Digital & Analog

CSound is a suite of programs developed by Barry L. Vercoe at the 
Experimental Music Studio,Media Laboratory, 
M.I.T., Cambridge, Massachusetts

Vinyl Conversions – In the course of learning to use CSound, I came to realize those old 78 RPM records could be digitized using CSound’s ability to stretch and shrink sounds. Using CSound, I played a 78 RPM record on a turntable using either the 45 RPM or 33 1/3 RPM speeds and recorded onto the computer .The sound card was connected to an old Sansui power amp along with an old Radio Shack Technics turntable. The CSound software allowed me to compensate for the differences between the platter’s recorded speed vs the played speed. The net result is the ability to transfer old 78’s to MP3 format and apply sophisticated noise reduction algorithms in the process. 
The possibilies are many. Power hum (60hz) can be filtered out. Any one of the many filters can be applied to reduce noise or enhance the music. I applied a Butterworth filter in my case. CSound’s “sndwarp” opcode introduces too much distortion and was bypassed. Csound will load a 44100 file into an orchestra with a 10000 sr and write at the 10k rate. Recording at a standard 44100 and loading into a sr compensated orchestra with time period compensation will accomplish the 75–33 1/3 transformation needed.
See “In_441-to-988.csd” and “In_988-to-441.csd”. 
Bob Wills and his Texas Playboys –Silver Dew on the Bluegrass Tonight
– Lyrics – 
Mills Brothers – Tiger Rag
Riley Puckett – Cradle in Carolina
  SHARC Orca – At one point in time, there was a database, Sandell’s Harmonic Archive, placed online by a researcher at one of the universities . The database contained the characteristic parameters of most musical instruments in the common orchestra. The database disappeared one day. I happened to run across the data again in 2004 at

These may no longer be online..
I adapted the data for use with CSound and the results are here. There are missing notes for some instruments. The work was incomplete when, I imagine, funding ran out.
What is here is a set of orc-sco files and csd files for use with CSound or CSoundAV (by Gabriel Maldonado.)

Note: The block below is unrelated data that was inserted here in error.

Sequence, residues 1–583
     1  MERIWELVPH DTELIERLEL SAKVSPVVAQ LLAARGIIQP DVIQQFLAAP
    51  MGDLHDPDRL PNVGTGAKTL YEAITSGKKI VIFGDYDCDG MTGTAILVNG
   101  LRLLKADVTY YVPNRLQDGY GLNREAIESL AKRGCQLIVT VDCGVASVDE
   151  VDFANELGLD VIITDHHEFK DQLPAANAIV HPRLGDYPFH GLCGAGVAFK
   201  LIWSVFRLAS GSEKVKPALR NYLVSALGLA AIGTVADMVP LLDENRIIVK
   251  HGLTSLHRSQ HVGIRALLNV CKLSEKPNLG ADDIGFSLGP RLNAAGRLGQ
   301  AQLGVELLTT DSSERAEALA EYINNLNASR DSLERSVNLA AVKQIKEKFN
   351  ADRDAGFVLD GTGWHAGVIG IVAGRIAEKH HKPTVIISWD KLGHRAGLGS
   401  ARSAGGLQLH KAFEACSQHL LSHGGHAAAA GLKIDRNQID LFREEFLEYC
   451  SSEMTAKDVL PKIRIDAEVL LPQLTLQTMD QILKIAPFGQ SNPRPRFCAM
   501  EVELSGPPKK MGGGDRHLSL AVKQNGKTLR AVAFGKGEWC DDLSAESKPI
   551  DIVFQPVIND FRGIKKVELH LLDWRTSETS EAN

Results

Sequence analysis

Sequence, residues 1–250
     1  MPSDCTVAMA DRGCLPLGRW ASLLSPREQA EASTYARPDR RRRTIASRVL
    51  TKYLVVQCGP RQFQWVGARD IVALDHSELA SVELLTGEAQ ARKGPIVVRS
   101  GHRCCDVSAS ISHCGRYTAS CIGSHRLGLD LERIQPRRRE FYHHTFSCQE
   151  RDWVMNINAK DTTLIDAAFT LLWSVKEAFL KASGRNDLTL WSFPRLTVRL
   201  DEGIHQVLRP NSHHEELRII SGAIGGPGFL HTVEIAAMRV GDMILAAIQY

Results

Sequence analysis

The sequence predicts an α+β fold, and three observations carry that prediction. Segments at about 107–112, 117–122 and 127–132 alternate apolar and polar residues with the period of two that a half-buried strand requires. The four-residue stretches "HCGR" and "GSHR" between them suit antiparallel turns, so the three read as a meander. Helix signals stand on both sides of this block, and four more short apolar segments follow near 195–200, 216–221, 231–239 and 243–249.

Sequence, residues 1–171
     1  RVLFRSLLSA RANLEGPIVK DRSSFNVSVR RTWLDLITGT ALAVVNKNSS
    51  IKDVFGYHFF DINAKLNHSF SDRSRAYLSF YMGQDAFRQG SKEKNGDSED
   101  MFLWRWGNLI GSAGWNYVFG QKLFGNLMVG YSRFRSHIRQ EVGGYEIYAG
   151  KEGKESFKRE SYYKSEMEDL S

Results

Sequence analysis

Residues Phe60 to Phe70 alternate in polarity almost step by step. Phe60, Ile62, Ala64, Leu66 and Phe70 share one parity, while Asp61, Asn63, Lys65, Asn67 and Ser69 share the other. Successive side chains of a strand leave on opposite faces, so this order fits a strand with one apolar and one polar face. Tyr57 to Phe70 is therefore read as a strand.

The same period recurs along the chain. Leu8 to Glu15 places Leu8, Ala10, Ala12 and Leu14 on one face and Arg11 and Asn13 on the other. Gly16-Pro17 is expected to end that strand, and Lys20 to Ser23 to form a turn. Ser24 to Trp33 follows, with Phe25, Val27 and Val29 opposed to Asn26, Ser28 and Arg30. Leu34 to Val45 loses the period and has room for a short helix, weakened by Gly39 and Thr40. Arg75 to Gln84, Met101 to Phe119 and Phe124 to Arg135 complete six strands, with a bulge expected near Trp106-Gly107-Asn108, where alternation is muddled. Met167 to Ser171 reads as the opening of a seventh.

I’m making available my SHARC-CSoundadaptations. A CSD and ORC file for each instrument.I used to play these with the computer keyboard and a program called “MIDI-OX” by Jamie O’Connell and Jerry Jorgenrud. An additional program may be useful for keyboard playing; “Hubi’s Midi Cable”. Both are freeware for personal use. Since restoring a ’69 Hammond, I don’t use them much anymore.

The original README file for SHARC *SHARC – Database of musical timbre information


My Hammond H182 Console Organ – A couple of years ago, I was at a Salvation Army second hand store (“thrift shop”) and spotted an old organ in the middle of the floor. I paid a deposit came back several weeks later, after having built a platform for transport and after soliciting my brother’s help. The organ weighs over 300 lbs.
Lifting was out of the question except in sm. The platform was a 1″ sheet of plywood with 3″ casters, two of which are lockable, and several straps with rachets. Surprisingly, the platform cost more than the organ did. The platform cost over $100 dollars and the organ was only $50 dollars. A good deal anyway. The organ still had a tube of the manufacture’s oil stashed inside the cabinet. I replaced the cord. The effect selector switch for the lower manual (keyboard) would not stay in position. After searching the net, I located an image that gave me an idea on how to approach removing the lower manual for repair. The selector now works. The material below is the result of searching the internet. The are three websites that I consider to have been the most important with regard to the organ restoration, the first most important:

A List of Schematics and Diagrams in image form


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